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NFL presents a new plan to improve kickoffs

The league wants the play to become safer.

Divisional Round - Houston Texans v New England Patriots Photo by Maddie Meyer/Getty Images

One of the most-discussed topics in NFL cycles this offseason is the kickoff and how to improve the safety aspect of the play. While there has been speculation that the play might be eliminated at some point – much to the chagrin of New England Patriots special teams captain Matthew Slater, who passionately defended it in front of reporters – it now looks like the league is going to address the issue by altering the framework of rules surrounding it.

According to the Washington Post's Mark Maske, the latest proposal to change the rule book looks as follows:

The proposal being formulated Wednesday bans players on the kicking team from getting a running start on their way downfield. It eliminates all forms of “wedge” blocking by the receiving team. It requires eight of the 11 members of the receiving team to line up within 15 yards of the spot of the kickoff and bars hitting within those 15 yards. It keeps players on the kicking team from going in motion pre-kick.

The proposal aims at changing some of the aspects that make the kickoff one of the most violent plays in football by adapting from another phase of special teams: the punt. Especially the first part of the proposal – no more five-yard running starts for coverage players on the kicking team – is essentially the same approach currently in place on punt coverage, and aimed at reducing the impact of high-speed collisions.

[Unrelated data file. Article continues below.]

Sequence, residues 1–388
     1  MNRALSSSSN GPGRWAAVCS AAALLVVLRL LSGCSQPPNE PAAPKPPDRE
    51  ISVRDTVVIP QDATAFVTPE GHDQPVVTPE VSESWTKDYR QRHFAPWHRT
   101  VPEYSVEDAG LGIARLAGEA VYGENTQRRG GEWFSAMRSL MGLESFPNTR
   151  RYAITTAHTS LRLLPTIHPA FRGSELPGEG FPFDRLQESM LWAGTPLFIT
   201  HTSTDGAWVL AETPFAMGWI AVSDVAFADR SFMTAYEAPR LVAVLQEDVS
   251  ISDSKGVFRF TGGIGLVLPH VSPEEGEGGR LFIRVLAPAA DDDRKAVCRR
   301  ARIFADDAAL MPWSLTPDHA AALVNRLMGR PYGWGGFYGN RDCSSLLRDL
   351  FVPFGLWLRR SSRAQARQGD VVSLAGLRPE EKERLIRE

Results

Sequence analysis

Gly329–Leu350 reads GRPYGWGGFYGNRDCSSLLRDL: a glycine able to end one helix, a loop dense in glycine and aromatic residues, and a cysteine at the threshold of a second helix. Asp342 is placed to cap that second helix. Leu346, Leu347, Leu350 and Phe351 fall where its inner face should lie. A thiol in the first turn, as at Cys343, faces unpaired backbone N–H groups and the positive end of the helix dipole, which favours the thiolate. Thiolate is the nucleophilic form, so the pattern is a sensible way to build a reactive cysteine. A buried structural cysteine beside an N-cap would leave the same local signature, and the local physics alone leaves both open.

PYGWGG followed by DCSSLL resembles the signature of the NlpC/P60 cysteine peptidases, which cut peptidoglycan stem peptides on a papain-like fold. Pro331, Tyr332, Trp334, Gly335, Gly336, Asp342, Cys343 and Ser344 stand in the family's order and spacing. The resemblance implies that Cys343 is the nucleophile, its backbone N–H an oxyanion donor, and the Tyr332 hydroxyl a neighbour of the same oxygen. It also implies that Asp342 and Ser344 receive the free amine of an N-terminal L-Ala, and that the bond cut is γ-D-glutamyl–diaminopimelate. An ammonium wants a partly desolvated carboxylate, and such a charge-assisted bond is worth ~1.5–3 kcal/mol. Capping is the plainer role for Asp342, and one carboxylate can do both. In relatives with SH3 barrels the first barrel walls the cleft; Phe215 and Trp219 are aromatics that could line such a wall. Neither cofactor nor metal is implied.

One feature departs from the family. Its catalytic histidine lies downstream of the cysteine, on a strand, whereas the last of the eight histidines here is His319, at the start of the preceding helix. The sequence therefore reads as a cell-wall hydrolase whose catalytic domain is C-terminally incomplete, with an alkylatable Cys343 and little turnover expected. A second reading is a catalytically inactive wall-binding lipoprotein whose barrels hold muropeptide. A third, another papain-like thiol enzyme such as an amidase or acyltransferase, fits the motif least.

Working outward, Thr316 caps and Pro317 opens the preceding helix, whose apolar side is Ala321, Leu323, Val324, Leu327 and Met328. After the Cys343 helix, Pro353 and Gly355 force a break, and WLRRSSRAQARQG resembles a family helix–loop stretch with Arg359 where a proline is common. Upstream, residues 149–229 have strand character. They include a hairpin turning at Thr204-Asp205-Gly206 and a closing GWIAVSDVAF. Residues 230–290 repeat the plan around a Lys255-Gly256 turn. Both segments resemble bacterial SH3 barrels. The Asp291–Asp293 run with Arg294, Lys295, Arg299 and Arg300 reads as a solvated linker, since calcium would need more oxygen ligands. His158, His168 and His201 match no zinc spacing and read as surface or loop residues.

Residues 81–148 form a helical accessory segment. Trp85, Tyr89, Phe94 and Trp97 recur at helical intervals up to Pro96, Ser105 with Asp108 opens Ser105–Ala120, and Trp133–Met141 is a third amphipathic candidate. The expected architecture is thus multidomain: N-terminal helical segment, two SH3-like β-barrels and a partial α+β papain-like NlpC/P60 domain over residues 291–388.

The same is the goal of the proposed "wedge"-ban, which would leave only three men in the deep-field as opposed to the current five, and outlawing any pre-kick motion that would make setting up blocking schemes more difficult for the receiving team. Adding a 15-yard hit-free corridor between the two sides is aimed at further slowing down the whole kickoff operation and potentially limiting its injury risk.

Of course, the proposal does not come without its fair share of questions. The changes might allow receiving teams to more often run back kicks for significant gains if would-be tacklers are easier stopped due to the lower speed of play (which in turn might lead to more touchbacks). Meanwhile, onside kicks could also become a difficult affair depending on the definition of the non-hit zone.

Before becoming effective as a rule change, the proposal whatever it will ultimately look like needs to be approved by at least 24 of the NFL’s 32 teams at the upcoming owner meetings.